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Shelter Island Reporter Letters to the Editor: Nov. 16, 2023

St. Nicholas Fair

To the Editor:

Praise and thanksgiving to all the volunteers from St. Mary’s Episcopal Church who helped to keep alive the tradition known as the “Election Eve Ham Dinner.” Special thanks to Rhonda Corbet, her husband, and their extended family trees, together with numerous others too many to mention here.

On December 2, 2023, between 9 a.m. and 3 p.m., St. Mary’s will hold its  St. Nicholas Day Craft Fair & Cookie Walk.  Vendors will have a variety of items for sale.

The popular  “Cookie Walk” will again appear with an assortment of homemade cookies, not to mention, soups too!  There will be a Silent Auction featuring donated items especially a pair of Metropolitan Opera tickets, for Madama Butterfly, January 20, 2024, 1 p.m. performance.

You won’t want to miss the chance to Christmas shop and enjoy the walk around the cookies.

JANE BABINSKI, Shelter Island

Looking more deeply

To the Editor:

I know that racism is a reality in our country and believe it to be a scourge on our personal and national psyches. I was abruptly reminded of that fact by Gary Blados’s quote in the Reporter on November 9 about the election of Ben Dyett and Albert Dickson who “will now serve their financial masters…,” an undisguised and deeply offensive remark.

That such racist feelings were espoused by the chairperson of the Republican Party on the Island was alarming at the least. I hope that Mr. Blados will be repudiated quickly and resoundingly by those he ostensibly speaks for, and that all of us will be moved to look more deeply into why such fear, hate and prejudice continue and what role each of us has in their dissipation.

PETE DANDRIDGE, Shelter Island

Dog whistles

To the Editor:

I would like to congratulate all of the winners in last Tuesday’s election and offer my respect to those who did not prevail.

I look forward to working with the new Town Board/supervisor to chart a new path forward for our town’s government. I also would like to thank everyone who worked on our campaign, along with all who voted for the candidates from the Campaign For A Better Island For All. You have my gratitude.

While I am excited about Shelter Island’s future, I am also saddened by the us vs. them rhetoric perpetuated by Gary Blados’ post-election comments. It is embarrassing for all Shelter Islanders that the leader of the Shelter Island Republican Committee chose to push our community toward greater division at that moment instead of choosing to help bridge our differences.

It is even more embarrassing that he chose to do so by using an unfortunate dog whistle stating that Albert Dickson and I serve certain “masters.” Gordon, Albert, and I proudly ran a clean campaign and Mr. Blados should have followed our lead.

I look forward to representing all Islanders, whether they voted for me or not. Shelter Island’s future is bright. Let’s realize it together.

BENJAMIN DYETT, Shelter Island

Election post mortem

To the Editor:

With the recent election results — whether you are elated, depressed, angry, or just confused — we should be relieved that the process itself worked. No one makes the huge effort to run with the goal of losing. Thanks to those who accepted the results stoically. I know how bitter defeat can be. My father was a politician of the old school. He ran John Glenn’s first campaign for the U.S. Senate. Glenn did not win that election, but his subsequent career remains a good example of why not to give up.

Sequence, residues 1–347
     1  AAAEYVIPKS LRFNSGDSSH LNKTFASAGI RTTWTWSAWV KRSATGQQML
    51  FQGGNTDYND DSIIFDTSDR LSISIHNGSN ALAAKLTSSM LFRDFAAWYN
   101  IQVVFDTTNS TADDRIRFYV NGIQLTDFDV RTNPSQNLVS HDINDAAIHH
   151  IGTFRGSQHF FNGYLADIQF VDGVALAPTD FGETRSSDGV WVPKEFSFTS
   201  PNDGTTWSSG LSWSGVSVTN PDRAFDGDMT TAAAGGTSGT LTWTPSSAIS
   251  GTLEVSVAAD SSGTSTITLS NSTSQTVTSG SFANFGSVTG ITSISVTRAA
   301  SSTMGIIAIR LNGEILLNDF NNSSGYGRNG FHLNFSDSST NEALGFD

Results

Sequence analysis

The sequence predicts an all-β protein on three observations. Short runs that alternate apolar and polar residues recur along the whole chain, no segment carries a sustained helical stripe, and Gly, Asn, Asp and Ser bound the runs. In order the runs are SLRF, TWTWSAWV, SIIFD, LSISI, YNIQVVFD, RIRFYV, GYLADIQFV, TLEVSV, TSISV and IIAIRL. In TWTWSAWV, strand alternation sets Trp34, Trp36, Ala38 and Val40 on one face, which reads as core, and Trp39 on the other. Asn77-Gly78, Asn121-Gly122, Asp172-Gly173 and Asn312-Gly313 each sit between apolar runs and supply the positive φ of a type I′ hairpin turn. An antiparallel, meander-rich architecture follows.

Here, when the voters are your friends and neighbors, how much more painful are losses? Yet votes count! Anyone who puts their hat in the political ring has a moral (aside from legal) obligation to accept the results, or bring overwhelming data to prove otherwise.

Sophocles said, “Rather fail with honor than succeed by fraud.”

RICHARD F. DENNING, Shelter Island

Support our caregivers

To the Editor:

November is National Family Caregivers Month.

In New York, 546,000 family caregivers provide care worth over $19 billion to their loved ones with dementia. Though these caregivers provide significant savings to the state, they are not getting enough support in return. The funding for New York’s Alzheimer’s Disease Community Assistance Program (AlzCAP), which offers care consultations, support groups, educational programs, and other services, has been stagnant for years, while the number of caregivers who need these services has continued to grow.

I have seen the caregiving struggle firsthand. I was my mom’s caregiver until we lost her to this awful disease in 2017. To honor my mom’s memory, I became a volunteer with the Alzheimer’s Association Long Island Chapter. Each month, I facilitate an Alzheimer’s Caregiver Support Group where I see the heartbreak and challenges caregivers face every single day. It is imperative that New York supports them, not only to mitigate their financial, emotional, and physical struggle, but also because it will be less of a financial burden for the state than costly nursing home care.

Taking care of someone with Alzheimer’s is expensive. One study found that 47% of family caregivers have cut back on their food, transportation, and healthcare expenses to pay for a loved one’s care. And many caregivers struggle with mental health issues, such as depression, and often, do not have the financial resources or time to take care of their own physical health.

I experienced this myself and see the toll it takes on the caregivers in my support group.

New York can do better in supporting caregivers. Please join me in calling on New York State Senator Anthony Palumbo and Assemblymember Fred Thiel and the other members of the State Legislature to increase funding for AlzCAP.